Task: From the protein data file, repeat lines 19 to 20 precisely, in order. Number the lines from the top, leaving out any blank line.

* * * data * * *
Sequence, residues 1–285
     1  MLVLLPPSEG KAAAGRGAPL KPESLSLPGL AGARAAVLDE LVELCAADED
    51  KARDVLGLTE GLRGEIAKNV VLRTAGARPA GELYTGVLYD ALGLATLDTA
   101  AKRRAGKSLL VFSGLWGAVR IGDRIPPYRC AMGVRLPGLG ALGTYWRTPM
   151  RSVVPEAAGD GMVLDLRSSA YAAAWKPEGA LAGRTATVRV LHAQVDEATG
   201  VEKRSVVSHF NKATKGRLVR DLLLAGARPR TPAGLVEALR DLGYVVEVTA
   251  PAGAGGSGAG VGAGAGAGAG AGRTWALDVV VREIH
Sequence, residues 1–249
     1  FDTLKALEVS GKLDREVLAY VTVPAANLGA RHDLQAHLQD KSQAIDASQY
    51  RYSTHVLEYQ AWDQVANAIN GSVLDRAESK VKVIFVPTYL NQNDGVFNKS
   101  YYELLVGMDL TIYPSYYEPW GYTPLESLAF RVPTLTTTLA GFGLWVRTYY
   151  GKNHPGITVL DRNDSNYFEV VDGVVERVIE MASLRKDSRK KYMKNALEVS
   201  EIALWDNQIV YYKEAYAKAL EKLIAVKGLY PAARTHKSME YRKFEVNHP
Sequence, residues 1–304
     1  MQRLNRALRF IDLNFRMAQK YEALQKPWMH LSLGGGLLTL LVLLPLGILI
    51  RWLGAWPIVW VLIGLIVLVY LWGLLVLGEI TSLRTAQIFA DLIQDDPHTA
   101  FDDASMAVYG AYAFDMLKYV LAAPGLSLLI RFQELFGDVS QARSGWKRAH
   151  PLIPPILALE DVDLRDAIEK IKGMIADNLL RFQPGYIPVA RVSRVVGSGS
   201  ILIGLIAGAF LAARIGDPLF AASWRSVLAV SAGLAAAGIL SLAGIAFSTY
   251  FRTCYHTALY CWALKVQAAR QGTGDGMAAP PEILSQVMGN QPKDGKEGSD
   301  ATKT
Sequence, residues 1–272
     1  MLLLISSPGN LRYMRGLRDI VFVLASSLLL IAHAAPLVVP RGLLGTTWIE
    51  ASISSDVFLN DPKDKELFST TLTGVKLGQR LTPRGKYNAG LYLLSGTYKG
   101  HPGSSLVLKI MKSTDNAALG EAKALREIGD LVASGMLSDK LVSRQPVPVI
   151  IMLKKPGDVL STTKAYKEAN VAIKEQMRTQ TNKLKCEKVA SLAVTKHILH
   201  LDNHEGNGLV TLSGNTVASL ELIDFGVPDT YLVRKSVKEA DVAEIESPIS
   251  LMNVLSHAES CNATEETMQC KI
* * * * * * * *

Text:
   201  ILIGLIAGAF LAARIGDPLF AASWRSVLAV SAGLAAAGIL SLAGIAFSTY
   251  FRTCYHTALY CWALKVQAAR QGTGDGMAAP PEILSQVMGN QPKDGKEGSD